Qipco British Champions Day, at Ascot, is billed as being the finale of the British flat racing season. With almost £4.5 million of prize money across the day’s six races, four of which are Grade Ones, it’s Britain’s richest race day. Perhaps unsurprisingly on a day which claims to crown the ‘champion’ horses of the season, there are famous horses galore: this year’s meeting, which took place last month, saw the likes of Stradivarius, Cracksman and Roaring Lion take to the stalls.
Trainer John Gosden has had a fantastic season, and he started the meeting with four favourites – three of which went on to win. But take a close look at the race card and there is one surname which crops up over and over again: ‘O’Brien’. In four of the six races, Aidan O’Brien had runners. Not only that; in the long distance cup, Aidan trained three of the six runners. In the fillies and mares stakes, there were eleven runners; Aidan trained six of them, including the winner, Magical. His son, Donnacha, rode in five of the day’s six races, and one of those Donnacha rode was trained by another of Aidan’s sons, 25-year-old Joseph.
O’Briens galore, then – but that’s no surprise, really. Aidan O’Brien turned 49 last week, but since he joined John Magnier’s training team in 1996, he has managed to turn himself into a household name. Six Epsom Derby winners. Seven Ascot Gold Cups. Eight Coronation Cups, nine times winner of the 2000 Guineas and twelve times winner of the Irish Derby. It’s no wonder that O’Brien was recently honoured with the Longines and International Federation of Horseracing Authorities International Award of Merit.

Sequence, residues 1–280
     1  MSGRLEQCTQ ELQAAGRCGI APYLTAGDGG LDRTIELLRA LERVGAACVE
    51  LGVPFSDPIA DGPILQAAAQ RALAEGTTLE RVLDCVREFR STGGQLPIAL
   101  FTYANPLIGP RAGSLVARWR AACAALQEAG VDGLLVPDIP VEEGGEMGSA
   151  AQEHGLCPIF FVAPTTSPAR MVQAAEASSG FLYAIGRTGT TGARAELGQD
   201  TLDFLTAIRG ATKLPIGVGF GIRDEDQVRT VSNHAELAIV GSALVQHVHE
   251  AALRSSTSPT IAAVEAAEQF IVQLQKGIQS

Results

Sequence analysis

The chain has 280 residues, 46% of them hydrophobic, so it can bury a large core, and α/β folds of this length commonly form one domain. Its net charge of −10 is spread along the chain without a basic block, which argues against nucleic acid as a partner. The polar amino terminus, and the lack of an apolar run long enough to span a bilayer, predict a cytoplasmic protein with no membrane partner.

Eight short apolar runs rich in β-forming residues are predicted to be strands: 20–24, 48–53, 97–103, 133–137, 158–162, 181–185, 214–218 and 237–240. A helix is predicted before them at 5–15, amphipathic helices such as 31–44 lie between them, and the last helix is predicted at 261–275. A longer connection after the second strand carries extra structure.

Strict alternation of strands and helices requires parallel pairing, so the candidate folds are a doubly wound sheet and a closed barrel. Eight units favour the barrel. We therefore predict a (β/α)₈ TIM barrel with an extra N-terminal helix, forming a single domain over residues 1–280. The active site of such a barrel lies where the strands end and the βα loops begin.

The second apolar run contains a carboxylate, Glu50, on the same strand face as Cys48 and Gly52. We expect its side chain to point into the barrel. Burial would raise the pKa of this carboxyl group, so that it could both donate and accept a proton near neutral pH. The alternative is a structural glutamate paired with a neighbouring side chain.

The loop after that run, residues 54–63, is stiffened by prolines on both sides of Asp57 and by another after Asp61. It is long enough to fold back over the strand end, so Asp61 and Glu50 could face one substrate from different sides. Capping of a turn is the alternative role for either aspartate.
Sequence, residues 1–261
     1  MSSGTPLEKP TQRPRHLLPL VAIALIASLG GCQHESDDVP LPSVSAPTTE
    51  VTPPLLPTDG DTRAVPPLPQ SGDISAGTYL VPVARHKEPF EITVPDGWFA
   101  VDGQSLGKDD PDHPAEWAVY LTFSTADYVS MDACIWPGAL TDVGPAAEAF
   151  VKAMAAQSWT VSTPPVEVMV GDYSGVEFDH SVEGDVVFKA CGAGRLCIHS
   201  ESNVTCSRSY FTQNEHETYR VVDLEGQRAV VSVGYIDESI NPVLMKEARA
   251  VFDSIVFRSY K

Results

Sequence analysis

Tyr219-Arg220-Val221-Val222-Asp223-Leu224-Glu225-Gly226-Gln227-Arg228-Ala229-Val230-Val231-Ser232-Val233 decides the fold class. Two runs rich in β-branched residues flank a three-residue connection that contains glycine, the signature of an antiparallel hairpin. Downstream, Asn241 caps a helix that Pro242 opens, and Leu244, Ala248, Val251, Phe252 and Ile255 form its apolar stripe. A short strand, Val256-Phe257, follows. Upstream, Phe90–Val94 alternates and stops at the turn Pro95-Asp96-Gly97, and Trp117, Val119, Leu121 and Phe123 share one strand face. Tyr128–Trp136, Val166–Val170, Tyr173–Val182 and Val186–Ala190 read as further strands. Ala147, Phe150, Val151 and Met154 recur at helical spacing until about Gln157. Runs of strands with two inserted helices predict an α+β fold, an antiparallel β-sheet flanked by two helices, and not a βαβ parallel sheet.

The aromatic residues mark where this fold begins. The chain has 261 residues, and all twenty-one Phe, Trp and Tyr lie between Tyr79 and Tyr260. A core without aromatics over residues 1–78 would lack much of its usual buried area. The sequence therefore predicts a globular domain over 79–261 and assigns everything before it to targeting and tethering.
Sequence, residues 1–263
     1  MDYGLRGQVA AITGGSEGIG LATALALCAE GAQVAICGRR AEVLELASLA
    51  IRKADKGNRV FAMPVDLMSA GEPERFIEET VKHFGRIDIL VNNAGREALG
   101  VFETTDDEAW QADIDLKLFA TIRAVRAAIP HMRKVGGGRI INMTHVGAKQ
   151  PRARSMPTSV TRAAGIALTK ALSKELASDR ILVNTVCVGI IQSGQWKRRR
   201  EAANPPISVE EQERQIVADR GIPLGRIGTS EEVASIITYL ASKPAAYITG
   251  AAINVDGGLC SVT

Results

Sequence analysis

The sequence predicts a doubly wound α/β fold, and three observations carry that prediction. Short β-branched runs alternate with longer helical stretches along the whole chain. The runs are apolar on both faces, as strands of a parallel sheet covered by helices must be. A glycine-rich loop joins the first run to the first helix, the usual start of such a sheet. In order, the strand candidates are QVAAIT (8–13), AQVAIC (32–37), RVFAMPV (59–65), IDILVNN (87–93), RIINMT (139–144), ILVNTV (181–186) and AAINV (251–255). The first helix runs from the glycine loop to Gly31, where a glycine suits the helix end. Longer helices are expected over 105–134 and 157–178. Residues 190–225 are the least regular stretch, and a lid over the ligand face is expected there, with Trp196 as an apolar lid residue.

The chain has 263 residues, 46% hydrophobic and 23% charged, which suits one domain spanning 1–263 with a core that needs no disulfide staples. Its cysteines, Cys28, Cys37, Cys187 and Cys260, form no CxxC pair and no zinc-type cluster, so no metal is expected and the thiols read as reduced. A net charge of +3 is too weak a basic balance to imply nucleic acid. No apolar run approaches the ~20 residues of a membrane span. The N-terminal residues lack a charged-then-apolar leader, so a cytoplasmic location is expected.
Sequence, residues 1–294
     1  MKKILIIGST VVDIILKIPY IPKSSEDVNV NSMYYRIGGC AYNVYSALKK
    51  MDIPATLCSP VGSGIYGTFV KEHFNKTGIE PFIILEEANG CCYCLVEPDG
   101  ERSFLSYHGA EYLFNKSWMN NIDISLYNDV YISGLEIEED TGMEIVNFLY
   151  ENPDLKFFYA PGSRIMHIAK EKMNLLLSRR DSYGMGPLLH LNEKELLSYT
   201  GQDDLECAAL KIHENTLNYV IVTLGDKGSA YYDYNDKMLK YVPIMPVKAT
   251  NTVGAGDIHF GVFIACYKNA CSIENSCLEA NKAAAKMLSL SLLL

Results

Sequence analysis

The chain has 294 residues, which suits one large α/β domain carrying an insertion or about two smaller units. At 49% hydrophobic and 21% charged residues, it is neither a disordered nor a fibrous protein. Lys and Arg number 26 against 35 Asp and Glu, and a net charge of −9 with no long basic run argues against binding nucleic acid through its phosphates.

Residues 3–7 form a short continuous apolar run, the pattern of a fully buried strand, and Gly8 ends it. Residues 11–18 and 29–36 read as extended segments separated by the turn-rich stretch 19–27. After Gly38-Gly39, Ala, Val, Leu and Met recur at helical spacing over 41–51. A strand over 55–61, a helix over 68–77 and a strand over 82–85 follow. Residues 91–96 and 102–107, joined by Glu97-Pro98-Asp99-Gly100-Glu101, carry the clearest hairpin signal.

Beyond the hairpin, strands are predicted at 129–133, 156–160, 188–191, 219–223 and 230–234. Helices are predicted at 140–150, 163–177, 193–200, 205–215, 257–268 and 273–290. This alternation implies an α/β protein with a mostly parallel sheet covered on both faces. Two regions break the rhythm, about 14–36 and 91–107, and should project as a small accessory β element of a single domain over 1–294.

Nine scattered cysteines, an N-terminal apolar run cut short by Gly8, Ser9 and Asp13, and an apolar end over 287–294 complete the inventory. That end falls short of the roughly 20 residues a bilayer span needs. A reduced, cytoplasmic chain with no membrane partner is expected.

Perhaps the only question is why it has taken so long for the team to receive the prize. It wasn’t just Aidan O’Brien who received the award, though. Officially, it was awarded to the Magnier family and Aidan O’Brien. John Magnier is the one who built the Coolmore thoroughbred stud and the Ballydoyle training yard into the enormous operations that they are today, and it’s hard to say where O’Brien would be without Magnier’s backing. Of course, that’s not to say he couldn’t have been equally as successful had things not happened the way that they did. But it’s the team of O’Brien and Magnier that has worked so well – and the team that were awarded the Award of Merit.
O’Brien as a trainer stands out in so many ways. Instantly recognisable in his trademark dark glasses, he has trained a Group One winner in nine different countries: Ireland, England, Australia, France, Italy, Canada, Hong Kong, USA and UAE. And as you can see from the Ascot race card at the weekend, it’s very much a family operation. All four of his children – Sarah, Ana, Donnacha and Joseph – have ridden a winner for him. In 2012, Joseph won the Epsom Derby on Camelot – the first time that a father and son jockey/trainer combination have won the Derby. His wife Annemarie has, in the past, also ridden winners for him.
‘Aidan O’Brien was 49 today. Still, all’s not lost – there’s plenty of time for him to hit his stride’, joked racing commentator Nick Luck on Twitter. Very funny – but he’s got a good point. O’Brien has achieved a huge amount as a trainer at a fairly young age; bear in mind that one of Newmarket’s stalwart, trainer Luca Cumani, announced his retirement this week at the age of 69. Sir Mark Prescott is 70, and Sir Michael Stoute is 73, and both are still training horses. As John Magnier’s son, MV Magnier, said of O’Brien on collecting the prize: ‘He’s revolutionised the whole industry. We’re lucky to have him and we’ve got a lot of his sons and daughters coming after him.’ What next for the O’Briens? What’s left, is the real question.